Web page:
Scenario: There are 4 queue managers QMA, QMB, QMC, and QMD. All of them have a local queue “CLUSQ” shared in cluster “CLUS_A”. The CLWLPRTY property for queue is depicted as QLWLPRTY so that it can be differentiated from the same property for channel. There is no attribute called QLWLRTY and it’s just for our understanding. The cluster Priority attribute values are shown in the picture itself.

[Image: 0QpuPFr.png]

All the messages will be delivered to QMC queue manager. The explanation for this is as below

1. QMB queue manager has highest channel priority. But the queue manager is down. Hence other queue managers with next highest channel priority will be considered.
2. QMC and QMD queue managers have next highest channel priority of 2. Since they both have same channel priority, their queue priority will be taken into consideration.
3. QMC has higher queue priority than QMD. Hence all the messages will be delivered to QMC queue manager.

Most recently used channels attribute (CLWLMRUC):

This is a queue manager attribute. As you all know, if there are ‘n’ possible destinations (same queue shared in ‘n’ queue managers’, with no specific cluster workload attributes set, the messages will get routed to all the queue managers in round robin fashion ideally. So this will mean that there will be hundreds of outbound channels in a huge cluster.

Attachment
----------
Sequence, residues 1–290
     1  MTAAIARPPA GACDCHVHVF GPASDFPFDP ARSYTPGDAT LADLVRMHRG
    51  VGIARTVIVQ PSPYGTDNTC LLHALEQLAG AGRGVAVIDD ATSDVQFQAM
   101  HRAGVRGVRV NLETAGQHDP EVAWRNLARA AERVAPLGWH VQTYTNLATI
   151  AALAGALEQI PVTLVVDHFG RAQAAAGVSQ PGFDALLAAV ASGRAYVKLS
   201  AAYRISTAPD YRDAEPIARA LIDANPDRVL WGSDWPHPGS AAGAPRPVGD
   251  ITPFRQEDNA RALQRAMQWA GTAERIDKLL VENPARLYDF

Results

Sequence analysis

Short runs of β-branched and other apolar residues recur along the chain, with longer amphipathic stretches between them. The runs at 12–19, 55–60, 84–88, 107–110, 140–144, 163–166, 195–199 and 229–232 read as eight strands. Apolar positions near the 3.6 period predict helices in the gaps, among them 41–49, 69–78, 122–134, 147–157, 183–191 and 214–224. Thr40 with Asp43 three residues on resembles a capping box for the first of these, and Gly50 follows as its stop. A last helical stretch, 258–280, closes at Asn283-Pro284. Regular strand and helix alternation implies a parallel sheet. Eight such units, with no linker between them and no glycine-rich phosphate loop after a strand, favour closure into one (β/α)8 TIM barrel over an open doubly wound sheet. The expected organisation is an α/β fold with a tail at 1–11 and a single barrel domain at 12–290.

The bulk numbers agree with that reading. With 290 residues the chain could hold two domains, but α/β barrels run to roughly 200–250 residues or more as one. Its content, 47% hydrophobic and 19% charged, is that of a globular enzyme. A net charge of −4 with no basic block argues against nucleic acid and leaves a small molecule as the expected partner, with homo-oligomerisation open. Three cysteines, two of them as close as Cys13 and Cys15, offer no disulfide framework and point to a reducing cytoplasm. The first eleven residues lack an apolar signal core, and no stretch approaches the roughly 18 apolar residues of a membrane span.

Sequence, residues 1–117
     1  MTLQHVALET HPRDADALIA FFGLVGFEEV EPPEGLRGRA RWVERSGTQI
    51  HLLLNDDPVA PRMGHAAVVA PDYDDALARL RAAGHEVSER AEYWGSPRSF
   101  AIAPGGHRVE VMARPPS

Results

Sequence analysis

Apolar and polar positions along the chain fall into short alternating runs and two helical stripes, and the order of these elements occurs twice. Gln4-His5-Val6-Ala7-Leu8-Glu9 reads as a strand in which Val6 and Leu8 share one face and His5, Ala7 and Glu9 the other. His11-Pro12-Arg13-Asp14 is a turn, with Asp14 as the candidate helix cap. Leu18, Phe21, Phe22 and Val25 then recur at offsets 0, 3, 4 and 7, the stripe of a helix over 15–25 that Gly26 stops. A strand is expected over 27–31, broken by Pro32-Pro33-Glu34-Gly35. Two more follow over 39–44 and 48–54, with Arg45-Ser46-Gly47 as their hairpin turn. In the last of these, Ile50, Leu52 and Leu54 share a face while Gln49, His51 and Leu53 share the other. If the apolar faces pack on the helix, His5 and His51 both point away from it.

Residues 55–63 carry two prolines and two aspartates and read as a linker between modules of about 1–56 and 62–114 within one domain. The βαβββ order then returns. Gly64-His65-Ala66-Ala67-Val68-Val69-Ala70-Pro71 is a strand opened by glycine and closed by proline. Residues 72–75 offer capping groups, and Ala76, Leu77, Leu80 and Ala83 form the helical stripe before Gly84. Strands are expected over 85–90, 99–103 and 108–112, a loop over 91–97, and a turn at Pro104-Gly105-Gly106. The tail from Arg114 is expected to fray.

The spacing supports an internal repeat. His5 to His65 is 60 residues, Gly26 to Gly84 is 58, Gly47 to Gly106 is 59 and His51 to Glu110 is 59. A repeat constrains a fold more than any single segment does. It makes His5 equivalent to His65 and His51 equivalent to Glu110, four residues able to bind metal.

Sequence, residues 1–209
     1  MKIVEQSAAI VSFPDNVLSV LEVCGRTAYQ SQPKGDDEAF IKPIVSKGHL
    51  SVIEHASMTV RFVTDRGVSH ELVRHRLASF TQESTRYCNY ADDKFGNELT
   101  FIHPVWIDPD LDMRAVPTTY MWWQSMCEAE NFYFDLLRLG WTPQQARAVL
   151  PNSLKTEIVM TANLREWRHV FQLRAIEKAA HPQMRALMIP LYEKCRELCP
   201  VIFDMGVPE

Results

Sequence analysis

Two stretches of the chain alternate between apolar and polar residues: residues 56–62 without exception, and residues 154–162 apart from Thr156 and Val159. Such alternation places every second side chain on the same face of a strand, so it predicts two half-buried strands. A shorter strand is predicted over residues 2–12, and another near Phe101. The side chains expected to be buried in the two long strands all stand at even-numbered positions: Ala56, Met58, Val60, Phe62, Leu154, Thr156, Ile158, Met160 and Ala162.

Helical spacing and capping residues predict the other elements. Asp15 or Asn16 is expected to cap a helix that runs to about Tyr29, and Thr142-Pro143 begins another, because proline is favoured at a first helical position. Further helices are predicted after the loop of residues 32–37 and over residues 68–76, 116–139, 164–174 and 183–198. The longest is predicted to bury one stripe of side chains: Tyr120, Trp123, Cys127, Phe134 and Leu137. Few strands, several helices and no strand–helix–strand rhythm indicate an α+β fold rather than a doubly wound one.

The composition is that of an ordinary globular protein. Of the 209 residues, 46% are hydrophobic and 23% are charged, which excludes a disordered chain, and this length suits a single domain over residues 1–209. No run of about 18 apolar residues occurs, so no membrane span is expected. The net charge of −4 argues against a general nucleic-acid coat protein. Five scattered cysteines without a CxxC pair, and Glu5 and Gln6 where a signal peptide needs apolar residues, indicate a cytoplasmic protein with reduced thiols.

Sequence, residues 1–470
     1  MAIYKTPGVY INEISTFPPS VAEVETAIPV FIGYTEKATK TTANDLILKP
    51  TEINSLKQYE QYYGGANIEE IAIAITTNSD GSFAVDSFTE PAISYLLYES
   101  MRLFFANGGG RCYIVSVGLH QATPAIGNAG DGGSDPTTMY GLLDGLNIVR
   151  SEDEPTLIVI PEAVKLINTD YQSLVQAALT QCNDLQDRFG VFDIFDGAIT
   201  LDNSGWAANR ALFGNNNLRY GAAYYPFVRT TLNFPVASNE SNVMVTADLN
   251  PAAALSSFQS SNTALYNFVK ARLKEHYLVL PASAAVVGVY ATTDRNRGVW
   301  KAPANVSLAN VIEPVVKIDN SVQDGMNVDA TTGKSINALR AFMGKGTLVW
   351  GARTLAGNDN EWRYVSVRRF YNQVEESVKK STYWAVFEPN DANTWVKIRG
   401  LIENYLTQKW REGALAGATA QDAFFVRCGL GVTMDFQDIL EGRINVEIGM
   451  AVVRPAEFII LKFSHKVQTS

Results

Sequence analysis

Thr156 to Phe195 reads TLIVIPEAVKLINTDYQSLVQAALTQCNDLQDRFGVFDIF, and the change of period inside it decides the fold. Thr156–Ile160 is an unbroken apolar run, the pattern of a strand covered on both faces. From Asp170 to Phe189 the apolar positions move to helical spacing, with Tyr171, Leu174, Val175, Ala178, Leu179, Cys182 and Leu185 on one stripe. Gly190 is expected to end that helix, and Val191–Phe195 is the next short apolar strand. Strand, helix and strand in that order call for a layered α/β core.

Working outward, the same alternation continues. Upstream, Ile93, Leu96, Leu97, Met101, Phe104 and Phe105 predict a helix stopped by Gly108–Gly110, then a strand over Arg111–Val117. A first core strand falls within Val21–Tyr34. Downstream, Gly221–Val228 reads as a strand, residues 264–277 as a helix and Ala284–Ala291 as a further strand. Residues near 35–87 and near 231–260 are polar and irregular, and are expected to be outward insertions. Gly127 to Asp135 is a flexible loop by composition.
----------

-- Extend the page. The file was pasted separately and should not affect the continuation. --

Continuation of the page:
If the requirement is to limit the number of queue managers considered for routing in round robin fashion, CLWLMRUC is your friend Smile

It uses the most recently used channels while routing the requests.


Range: 1 – 999999999
Default: 999999999

For example, if this attribute is set to 4, the messages will always get routed to the last 4 used queue managers in round robin fashion irrespective of total number of possible destinations.
This will limit the number of active channels in the queue manager from which the message is being sent.

Channel weight attribute (CLWLWGHT):

In some cases, few servers could have more processing power than others which host queue managers shared in the same cluster. So logically it’s desirable that the server having more processing power should take more traffic than the one having lesser processing power.

To accomplish this MQ provides a channel attribute called CLWLWGHT.

If more than one destinationis possible, the messages get routed to the queue managers proportional to their channel weights.



Range: 1 – 99
Default: 50

Scenario: There are 4 queue managers QMA, QMB,QMC,QMD and their channel weight attribute values is shown in the picture.

[Image: rBNsa7V.png]